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BMC Genomics

, 16:666

Human and rodent genomics


BackgroundAn understanding of linkage disequilibrium LD structures in the human genome underpins much of medical genetics and provides a basis for disease gene mapping and investigating biological mechanisms such as recombination and selection. Whole genome sequencing WGS provides the opportunity to determine LD structures at maximal resolution.

ResultsWe compare LD maps constructed from WGS data with LD maps produced from the array-based HapMap dataset, for representative European and African populations. WGS provides up to 5.7-fold greater SNP density than array-based data and achieves much greater resolution of LD structure, allowing for identification of up to 2.8-fold more regions of intense recombination. The absence of ascertainment bias in variant genotyping improves the population representativeness of the WGS maps, and highlights the extent of uncaptured variation using array genotyping methodologies. The complete capture of LD patterns using WGS allows for higher genome-wide association study GWAS power compared to array-based GWAS, with WGS also allowing for the analysis of rare variation. The impact of marker ascertainment issues in arrays has been greatest for Sub-Saharan African populations where larger sample sizes and substantially higher marker densities are required to fully resolve the LD structure.

ConclusionsWGS provides the best possible resource for LD mapping due to the maximal marker density and lack of ascertainment bias. WGS LD maps provide a rich resource for medical and population genetics studies. The increasing availability of WGS data for large populations will allow for improved research utilising LD, such as GWAS and recombination biology studies.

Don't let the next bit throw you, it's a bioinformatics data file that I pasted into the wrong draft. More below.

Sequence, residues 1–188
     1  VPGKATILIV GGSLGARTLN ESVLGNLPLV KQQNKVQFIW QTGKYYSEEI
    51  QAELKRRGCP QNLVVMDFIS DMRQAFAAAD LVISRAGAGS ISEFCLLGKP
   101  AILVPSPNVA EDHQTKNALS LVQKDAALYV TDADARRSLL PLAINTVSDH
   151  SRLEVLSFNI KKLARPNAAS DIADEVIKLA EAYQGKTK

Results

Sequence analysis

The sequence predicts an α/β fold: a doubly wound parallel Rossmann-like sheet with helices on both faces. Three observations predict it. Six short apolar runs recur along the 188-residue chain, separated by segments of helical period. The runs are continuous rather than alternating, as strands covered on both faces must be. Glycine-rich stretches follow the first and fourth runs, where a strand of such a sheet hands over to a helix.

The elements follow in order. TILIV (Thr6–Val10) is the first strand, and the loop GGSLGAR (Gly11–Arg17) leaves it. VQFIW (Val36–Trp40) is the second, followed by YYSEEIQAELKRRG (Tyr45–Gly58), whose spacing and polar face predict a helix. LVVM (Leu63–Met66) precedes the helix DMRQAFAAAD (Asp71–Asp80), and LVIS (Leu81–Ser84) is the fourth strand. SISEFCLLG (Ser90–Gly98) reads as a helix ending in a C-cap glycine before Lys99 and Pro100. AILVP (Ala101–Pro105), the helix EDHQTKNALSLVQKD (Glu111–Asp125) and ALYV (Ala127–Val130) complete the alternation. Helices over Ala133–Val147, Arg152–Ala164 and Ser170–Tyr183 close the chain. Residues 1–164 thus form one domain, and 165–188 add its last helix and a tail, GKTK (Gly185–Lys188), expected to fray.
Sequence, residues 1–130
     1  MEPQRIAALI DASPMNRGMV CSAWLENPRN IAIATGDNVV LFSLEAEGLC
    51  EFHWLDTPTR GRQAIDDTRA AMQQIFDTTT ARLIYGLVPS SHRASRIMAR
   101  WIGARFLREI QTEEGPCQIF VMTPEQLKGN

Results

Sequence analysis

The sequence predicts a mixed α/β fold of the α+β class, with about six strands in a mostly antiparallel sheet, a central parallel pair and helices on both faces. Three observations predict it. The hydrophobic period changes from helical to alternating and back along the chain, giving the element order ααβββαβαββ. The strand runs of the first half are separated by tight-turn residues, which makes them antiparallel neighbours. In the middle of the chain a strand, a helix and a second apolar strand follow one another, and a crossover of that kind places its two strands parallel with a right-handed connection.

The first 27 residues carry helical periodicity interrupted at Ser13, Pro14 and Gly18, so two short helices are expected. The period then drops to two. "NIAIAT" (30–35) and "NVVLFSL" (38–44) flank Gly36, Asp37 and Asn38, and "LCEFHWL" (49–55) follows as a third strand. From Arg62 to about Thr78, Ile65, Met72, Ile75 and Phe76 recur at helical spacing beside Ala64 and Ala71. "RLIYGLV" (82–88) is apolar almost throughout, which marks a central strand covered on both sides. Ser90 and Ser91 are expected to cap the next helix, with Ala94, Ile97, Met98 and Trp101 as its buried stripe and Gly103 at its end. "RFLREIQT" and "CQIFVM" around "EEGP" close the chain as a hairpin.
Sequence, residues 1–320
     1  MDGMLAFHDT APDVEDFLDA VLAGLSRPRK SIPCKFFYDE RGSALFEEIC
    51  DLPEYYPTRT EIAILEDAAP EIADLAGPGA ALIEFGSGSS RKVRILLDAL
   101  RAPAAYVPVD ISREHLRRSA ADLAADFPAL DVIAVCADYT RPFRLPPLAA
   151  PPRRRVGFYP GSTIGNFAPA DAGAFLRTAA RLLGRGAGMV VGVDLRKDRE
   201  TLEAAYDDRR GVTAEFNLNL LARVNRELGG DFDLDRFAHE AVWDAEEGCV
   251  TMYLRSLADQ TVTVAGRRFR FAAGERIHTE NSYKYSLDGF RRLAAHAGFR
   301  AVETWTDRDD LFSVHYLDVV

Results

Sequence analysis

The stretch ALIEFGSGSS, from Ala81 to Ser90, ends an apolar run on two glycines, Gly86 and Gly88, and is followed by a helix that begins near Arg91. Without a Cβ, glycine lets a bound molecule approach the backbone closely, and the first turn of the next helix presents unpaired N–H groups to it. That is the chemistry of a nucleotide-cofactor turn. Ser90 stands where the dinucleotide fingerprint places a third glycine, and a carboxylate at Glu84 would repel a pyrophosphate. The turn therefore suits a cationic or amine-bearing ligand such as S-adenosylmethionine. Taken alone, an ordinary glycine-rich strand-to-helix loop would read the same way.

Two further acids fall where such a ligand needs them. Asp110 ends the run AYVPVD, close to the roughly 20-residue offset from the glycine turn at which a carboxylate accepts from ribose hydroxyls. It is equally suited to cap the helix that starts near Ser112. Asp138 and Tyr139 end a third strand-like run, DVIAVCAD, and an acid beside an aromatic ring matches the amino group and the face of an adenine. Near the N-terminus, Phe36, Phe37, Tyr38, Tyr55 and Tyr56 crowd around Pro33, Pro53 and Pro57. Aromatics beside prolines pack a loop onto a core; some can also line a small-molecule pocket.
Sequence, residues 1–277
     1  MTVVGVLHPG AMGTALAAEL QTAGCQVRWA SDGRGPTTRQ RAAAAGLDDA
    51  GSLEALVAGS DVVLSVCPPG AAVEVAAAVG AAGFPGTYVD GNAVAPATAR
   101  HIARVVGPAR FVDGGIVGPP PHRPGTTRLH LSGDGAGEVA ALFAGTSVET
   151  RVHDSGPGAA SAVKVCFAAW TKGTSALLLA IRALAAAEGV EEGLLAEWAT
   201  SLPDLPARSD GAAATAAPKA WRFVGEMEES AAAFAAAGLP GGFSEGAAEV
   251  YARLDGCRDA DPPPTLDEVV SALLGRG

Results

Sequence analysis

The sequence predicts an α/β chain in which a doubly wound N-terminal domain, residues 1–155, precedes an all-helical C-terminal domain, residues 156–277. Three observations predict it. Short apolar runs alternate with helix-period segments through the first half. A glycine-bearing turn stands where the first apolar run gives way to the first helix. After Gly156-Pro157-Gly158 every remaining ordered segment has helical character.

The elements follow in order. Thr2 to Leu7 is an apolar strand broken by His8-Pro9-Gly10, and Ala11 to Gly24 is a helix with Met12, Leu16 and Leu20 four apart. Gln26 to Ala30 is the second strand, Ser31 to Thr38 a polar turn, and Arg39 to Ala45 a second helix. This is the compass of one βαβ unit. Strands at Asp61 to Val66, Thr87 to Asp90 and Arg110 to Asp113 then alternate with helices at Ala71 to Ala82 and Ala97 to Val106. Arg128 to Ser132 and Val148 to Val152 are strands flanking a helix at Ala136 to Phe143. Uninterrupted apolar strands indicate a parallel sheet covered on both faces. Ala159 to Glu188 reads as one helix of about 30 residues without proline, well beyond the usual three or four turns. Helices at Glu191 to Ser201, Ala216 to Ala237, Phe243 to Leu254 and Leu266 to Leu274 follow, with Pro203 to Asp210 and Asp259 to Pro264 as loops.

KeywordsLinkage disequilibrium map Population structure Whole-genome sequencing Recombination Next-generation sequencing AbbreviationsABGArray-based genotyping

CEUUtah Residents CEPH with Northern and Western European ancestry

GWASGenome-wide association study

LDLinkage disequilibrium

LDULinkage disequilibrium unit

MAFMinor-allele frequency

SNPSingle nucleotide polymorphism

WGSWhole-genome sequencing

YRIYoruba in Ibadan, Nigeria

Andrew Collins and Sarah Ennis contributed equally to this work.

Electronic supplementary materialThe online version of this article doi:10.1186-s12864-015-1854-0 contains supplementary material, which is available to authorized users.

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Autor: Reuben J. Pengelly - William Tapper - Jane Gibson - Marcin Knut - Rick Tearle - Andrew Collins - Sarah Ennis

Fuente: https://link.springer.com/

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